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Shooting Stars: Another Shot Down In Our Streets


by Kei X. Griot (Transcript) For little brother Lee Weathersby III, big brother Lamar, all those lost, all unnamed   Have you ever seen a black rose? Ebony petals Obsidian like the night. Ever clipped a rose or heard a drive by? Released the spirit of a flower into the sky? Heard a brother screaming out for help? Stayed inside, outta sight, without offering? Fear of being the next in coffin. Pick a rose, place it on the corner. How many been shot on my block on 94th? How many souls left cold in the heat? Ruled homicide without a…

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Capitalism, Racism, and Disableism: a ménage à trois that fucks all of us over


 by Rory Judah Blank I live in Portland, a hip, growing city at the northernmost edge of Oregon. A haven for artists, activists, foodies, and queers, it’s the most bikeable city of its size in the United States…and also the whitest. To encourage bicycling, Portland placed the most coherent commuter corridor directly through a historically Black neighborhood. In North Portland, Williams and Vancouver Avenues run adjacent to Emmanuel Hospital where, in the 1970s, the City of Portland razed 300 black-owned homes and businesses, uprooting what was a flourishing Black community. Today, I watch as my poor/working class and Black neighbors…

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#TimeTitles and the Continuing Brilliance of Black Twitter Parody Hashtags

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By Mia McKenzie Y’all: I have a bit of a Twitter addiction. I’m working on it, but one of the reasons I find myself on Twitter SO MUCH is that really funny things happen and I love really funny things. For example: This past Wednesday, TIME Magazine ran a pretty ridiculous story unnecessarily explaining the word “bae”. What in the world does bae mean, anyway? they asked. And then went on to give “a primer on slang that Pharrell likes enough to put in the titles of his songs”. This was eye-roll-worthy for a couple of reasons. First of all,…

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Rollersets & Realness: Black Womanhood Defined as Drag Performance


by Shaadi Devereaux I’m sitting on a plane now, in my flyest pair of kitten heels, hoop earrings, and a Hollywood Glam Lena Horne inspired rollerset to die for. The guy behind me refused to let me even begin to lift my luggage, before jumping up to stow it. I’m an unapologetic Black Trans woman who loves letting men hold doors for me almost as much as I enjoy decimating them in the boardroom. I make no qualms about my love of being a femme, even as I plant my stiletto square in the eye of cisheteropatriarchy. Coming down from…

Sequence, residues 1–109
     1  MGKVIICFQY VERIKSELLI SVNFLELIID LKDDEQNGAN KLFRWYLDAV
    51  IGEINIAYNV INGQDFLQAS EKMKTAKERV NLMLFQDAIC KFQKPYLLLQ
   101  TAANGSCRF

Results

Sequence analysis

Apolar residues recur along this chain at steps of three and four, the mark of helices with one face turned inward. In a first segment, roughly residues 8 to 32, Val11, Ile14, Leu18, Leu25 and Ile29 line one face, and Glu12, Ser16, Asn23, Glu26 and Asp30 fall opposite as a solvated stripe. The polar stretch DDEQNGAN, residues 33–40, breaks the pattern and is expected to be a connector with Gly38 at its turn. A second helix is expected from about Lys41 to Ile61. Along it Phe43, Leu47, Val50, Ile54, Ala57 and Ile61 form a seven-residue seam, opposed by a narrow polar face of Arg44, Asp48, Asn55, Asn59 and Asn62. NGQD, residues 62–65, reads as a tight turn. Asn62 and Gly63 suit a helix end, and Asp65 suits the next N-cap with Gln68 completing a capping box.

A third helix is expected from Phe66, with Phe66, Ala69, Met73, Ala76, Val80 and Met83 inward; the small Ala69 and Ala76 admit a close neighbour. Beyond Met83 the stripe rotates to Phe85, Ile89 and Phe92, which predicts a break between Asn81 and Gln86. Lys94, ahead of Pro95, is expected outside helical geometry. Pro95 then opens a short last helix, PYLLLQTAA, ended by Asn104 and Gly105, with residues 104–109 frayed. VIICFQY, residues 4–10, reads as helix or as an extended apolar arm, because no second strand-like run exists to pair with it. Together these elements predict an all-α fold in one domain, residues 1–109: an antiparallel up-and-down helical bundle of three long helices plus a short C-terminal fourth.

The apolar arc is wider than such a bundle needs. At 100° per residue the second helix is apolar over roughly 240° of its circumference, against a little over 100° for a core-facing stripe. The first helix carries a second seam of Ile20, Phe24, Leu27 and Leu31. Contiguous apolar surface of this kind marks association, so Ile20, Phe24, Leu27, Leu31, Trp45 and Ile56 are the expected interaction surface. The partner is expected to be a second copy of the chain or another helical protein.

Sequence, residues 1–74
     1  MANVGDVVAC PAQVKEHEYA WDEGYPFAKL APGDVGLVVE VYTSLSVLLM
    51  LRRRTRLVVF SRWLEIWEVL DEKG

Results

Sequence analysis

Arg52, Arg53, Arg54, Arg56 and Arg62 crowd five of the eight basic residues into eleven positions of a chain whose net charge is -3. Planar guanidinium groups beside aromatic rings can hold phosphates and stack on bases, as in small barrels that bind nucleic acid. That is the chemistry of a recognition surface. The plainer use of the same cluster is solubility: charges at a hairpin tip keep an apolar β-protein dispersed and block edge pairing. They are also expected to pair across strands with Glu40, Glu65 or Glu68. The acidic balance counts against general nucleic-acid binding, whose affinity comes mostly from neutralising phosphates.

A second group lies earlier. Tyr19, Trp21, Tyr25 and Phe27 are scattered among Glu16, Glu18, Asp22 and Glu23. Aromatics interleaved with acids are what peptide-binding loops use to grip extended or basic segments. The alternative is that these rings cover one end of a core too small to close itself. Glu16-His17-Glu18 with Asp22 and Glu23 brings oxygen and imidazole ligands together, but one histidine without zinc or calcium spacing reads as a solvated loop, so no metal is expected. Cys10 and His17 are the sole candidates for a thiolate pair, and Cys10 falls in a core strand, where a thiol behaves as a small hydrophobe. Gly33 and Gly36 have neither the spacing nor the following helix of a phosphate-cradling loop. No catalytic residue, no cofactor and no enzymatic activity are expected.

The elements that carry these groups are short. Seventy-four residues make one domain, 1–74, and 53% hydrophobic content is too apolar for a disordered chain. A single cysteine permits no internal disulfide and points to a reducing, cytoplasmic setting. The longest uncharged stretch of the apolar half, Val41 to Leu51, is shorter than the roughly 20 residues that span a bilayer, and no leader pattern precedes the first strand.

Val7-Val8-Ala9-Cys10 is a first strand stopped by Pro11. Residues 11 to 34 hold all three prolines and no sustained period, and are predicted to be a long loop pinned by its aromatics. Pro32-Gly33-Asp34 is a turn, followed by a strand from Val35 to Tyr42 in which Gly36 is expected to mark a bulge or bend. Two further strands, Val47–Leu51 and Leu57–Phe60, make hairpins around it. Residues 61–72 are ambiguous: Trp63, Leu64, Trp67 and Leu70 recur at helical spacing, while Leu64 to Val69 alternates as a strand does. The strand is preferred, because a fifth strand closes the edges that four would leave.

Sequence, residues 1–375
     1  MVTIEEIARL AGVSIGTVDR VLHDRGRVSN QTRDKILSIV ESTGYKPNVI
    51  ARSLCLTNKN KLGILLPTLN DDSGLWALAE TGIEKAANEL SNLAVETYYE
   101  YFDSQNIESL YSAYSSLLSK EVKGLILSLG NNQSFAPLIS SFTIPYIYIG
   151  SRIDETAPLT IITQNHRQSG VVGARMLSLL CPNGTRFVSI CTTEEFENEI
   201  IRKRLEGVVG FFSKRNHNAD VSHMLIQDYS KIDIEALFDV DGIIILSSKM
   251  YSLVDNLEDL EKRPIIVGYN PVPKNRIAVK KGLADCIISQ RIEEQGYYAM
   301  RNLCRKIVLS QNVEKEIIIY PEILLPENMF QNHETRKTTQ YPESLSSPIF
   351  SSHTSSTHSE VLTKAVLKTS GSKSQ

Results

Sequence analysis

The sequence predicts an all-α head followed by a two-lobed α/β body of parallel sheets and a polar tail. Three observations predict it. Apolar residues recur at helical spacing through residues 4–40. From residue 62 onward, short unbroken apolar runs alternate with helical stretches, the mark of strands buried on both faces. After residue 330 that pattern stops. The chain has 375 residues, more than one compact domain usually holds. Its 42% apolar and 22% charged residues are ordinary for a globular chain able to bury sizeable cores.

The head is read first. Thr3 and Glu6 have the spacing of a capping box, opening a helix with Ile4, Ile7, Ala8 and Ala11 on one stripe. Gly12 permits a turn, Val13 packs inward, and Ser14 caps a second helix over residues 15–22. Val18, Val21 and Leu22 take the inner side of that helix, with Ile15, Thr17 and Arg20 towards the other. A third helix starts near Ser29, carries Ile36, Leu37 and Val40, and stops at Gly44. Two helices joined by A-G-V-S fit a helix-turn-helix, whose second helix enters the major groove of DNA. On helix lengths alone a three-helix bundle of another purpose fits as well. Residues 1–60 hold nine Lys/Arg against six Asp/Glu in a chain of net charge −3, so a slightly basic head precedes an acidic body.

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On Being Fat, Brown, Femme, Ugly, and Unloveable


by Caleb Luna Falling in love is dangerous for brown boys because, under white supremacy, we are not people to love. Falling in love is dangerous for brown boys because people don’t see us as individuals to love. Colonization indoctrinates us into the romantic idolization of thinness, whiteness, and masculinity—in ourselves and others. How do I, as a fat, brown, femme, decolonize my desire so I can desire myself? How do I love myself in a world that tells me I am not lovable? How can I decolonize my desire so I won’t ever again compulsively glance at a skinny…

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De-Centering Whiteness Through Radical Accountability in QTPOC Community

by Jezebel Delilah X The Fourth of July is fast approaching and all across the land radical people of color** will take to the internet, ranting about the continued celebration of genocide, colonization, and imperialism. When we preach against the legacy this holiday affirms, and in fact in all of our collective critique, it often feels like our connection is predominately rooted in how hurt we are by the groups that have harmed us, rather than a shared desire to support, love, and heal each other independently. White people or straight, cis gendered folk don’t need to be around in…

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Jovany Eats Her Left Index Finger


by Nikkiesha N. McLeod At 3:00 A.M., she wakes up from a nightmare, anxiously tosses the covers aside and runs to the window. Completely soaked in her own sweat, she peeps through the curtains, wondering if the man she believed was following her all day was outside waiting to come and take her away. She first spotted his shadow during her lunch break. His presence was odd for the neighborhood: black suit and tie, black shiny shoes, unrecognizable face covered by sunglasses. His shadow followed her into the deli near her job. It stood, too calmly, behind her—a calm which…

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Tired Of My Sisters Getting Killed